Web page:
Temporary placement of fully covered self-expandable metal stents in benign biliary strictures: midterm evaluation (with video)

Gastrointest Endosc. 2009 Aug;70(2):303-9. doi: 10.1016/j.gie.2008.11.029. Epub 2009 Jun 11.


Background: Benign biliary strictures (BBS) have been endoscopically managed with placement of multiple plastic stents. Uncovered metal stents have been associated with mucosal hyperplasia and partially covered self-expandable metal stents with migration. Recently, fully covered self-expandable metal stents (CSEMSs) with anchoring fins have become available.

Objective: Our purpose was to analyze the efficacy and complication rates of CSEMSs in the treatment of BBS.

Design: CSEMSs (10-mm diameter) were placed in 44 patients with BBS. CSEMSs were left in place until adequate biliary drainage was achieved, confirmed by resolution of symptoms, normalization of liver function tests, and imaging.

Setting: Tertiary care center with long-standing experience with metal stents.

Patients: A total of 44 patients with BBS (28 men, median age 53.5 years) were included. The preprocedure diagnoses included chronic pancreatitis (n = 19), gallstone-related strictures (n = 14), post liver transplant (n = 9), autoimmune pancreatitis (n = 1), and primary sclerosing cholangitis (n = 1).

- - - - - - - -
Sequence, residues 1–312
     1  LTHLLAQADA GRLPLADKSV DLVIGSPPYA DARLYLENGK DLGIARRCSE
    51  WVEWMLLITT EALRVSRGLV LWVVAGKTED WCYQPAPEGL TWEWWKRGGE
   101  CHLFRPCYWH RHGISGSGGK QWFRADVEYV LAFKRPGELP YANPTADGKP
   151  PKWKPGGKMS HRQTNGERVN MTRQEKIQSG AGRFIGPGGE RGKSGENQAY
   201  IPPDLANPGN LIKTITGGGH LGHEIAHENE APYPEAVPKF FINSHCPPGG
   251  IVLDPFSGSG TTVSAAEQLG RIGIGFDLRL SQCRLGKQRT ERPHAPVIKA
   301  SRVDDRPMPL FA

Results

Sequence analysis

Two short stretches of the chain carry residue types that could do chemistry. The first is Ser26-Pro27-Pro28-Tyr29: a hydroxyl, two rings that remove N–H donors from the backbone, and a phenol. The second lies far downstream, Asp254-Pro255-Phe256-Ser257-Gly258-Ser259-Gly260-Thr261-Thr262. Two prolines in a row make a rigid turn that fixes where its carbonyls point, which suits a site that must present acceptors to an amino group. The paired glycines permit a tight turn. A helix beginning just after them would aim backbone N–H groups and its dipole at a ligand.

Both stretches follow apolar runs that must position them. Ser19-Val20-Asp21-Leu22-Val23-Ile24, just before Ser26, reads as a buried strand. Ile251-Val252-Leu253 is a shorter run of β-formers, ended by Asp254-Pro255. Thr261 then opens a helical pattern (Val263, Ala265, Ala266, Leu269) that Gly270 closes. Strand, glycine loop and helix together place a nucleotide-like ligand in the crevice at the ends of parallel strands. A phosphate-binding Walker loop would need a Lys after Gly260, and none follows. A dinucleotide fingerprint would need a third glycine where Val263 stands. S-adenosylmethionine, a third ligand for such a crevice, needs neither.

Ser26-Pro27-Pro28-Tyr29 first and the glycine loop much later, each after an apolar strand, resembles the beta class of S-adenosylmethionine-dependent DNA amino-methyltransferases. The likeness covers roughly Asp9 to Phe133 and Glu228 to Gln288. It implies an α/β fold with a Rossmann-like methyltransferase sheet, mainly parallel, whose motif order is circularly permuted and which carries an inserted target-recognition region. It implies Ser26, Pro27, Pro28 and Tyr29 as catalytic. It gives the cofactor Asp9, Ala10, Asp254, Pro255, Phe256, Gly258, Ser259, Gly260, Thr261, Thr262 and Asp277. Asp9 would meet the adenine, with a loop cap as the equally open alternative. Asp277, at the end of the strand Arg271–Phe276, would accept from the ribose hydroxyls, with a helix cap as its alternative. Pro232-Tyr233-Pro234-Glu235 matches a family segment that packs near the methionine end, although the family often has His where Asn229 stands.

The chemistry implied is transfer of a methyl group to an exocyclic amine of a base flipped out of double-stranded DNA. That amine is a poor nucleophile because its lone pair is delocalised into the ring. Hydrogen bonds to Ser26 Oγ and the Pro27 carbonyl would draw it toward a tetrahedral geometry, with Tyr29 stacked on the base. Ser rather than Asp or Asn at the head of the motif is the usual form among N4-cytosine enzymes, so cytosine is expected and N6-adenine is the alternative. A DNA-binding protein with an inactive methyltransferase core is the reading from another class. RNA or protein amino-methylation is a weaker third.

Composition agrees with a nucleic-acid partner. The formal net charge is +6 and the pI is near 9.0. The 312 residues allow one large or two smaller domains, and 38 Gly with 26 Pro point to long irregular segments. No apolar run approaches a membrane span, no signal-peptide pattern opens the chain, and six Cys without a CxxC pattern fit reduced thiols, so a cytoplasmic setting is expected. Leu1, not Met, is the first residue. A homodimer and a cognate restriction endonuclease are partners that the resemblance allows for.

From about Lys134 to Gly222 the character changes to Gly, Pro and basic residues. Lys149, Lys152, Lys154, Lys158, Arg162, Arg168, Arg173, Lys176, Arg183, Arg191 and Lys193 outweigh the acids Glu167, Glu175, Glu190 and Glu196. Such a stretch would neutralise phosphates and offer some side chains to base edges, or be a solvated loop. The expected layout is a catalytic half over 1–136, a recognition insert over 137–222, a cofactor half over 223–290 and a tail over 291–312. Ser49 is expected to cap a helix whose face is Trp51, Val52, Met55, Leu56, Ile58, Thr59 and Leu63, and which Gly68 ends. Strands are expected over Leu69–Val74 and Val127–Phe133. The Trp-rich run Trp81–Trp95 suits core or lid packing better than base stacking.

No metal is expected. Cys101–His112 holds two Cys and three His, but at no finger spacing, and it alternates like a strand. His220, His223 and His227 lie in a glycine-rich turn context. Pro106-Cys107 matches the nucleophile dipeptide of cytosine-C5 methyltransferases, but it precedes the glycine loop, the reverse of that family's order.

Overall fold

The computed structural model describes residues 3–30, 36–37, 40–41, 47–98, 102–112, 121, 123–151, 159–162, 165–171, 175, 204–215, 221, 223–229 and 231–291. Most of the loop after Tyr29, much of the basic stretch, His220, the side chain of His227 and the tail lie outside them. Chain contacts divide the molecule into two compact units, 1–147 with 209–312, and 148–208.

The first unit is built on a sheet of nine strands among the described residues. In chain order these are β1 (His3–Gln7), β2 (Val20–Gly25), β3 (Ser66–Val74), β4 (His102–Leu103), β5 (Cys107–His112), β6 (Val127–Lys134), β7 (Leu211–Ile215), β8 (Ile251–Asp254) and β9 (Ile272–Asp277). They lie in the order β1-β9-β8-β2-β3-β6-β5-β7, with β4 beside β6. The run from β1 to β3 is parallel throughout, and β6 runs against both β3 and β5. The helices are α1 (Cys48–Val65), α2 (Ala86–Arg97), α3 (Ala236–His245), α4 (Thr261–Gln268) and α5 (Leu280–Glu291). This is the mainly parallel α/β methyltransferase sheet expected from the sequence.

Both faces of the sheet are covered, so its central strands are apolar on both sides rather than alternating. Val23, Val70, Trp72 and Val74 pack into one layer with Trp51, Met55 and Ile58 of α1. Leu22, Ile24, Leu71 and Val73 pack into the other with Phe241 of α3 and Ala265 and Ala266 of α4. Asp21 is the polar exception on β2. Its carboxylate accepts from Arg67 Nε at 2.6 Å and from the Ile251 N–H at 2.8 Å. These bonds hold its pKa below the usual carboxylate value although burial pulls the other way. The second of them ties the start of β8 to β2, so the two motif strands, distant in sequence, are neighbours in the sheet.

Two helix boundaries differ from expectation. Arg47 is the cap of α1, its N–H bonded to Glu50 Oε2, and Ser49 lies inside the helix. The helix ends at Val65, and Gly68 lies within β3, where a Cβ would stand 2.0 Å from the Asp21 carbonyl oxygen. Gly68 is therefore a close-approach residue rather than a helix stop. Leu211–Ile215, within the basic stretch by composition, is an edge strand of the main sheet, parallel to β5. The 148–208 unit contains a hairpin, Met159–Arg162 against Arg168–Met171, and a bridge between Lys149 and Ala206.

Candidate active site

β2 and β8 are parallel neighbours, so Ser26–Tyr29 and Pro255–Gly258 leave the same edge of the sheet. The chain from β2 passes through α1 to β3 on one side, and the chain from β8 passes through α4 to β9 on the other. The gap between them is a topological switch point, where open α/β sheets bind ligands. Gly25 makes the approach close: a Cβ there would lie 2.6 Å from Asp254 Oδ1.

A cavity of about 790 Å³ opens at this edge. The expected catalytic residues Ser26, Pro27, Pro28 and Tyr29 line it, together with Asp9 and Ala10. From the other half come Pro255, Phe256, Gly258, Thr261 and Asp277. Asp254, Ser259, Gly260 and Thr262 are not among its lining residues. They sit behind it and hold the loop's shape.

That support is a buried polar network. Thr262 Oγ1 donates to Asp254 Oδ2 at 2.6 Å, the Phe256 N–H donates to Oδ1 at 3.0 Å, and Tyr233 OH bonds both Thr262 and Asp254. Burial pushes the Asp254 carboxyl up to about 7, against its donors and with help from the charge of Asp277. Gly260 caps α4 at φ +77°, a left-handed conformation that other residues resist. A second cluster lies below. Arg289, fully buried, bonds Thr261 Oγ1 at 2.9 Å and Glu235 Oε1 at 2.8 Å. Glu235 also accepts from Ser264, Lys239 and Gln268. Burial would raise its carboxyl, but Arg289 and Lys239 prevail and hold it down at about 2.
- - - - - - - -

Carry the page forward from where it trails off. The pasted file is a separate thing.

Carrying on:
Intervention: ERCP with temporary CSEMS placement. Removal of CSEMSs was performed with a snare or rat tooth.

Main outcome measurements: Stricture resolution and morbidity.

Results: The median time of CSEMS placement was 3.3 months (interquartile range 3.0-4.8). Resolution of the BBS was confirmed in 34 of 41 patients (83%) after a median postremoval follow-up time of 3.8 months (interquartile range 1.2-7.7). Complications were observed in 6 (14%) patients after CSEMS placement and in 4 (9%) after CSEMS removal.

Limitation: Pilot study from a single center.

Conclusion: Temporary placement of CSEMSs for BBS may offer an alternative to plastic stenting. Further investigation is required to further assess safety and long-term efficacy.

Publication types

  • Research Support, Non-U.S. Gov't

MeSH terms

  • Cholestasis / surgery*
  • Constriction, Pathologic
  • Female
  • Humans
  • Male
  • Middle Aged
  • Prosthesis Design
  • Stents*
  • Time Factors
  • Video Recording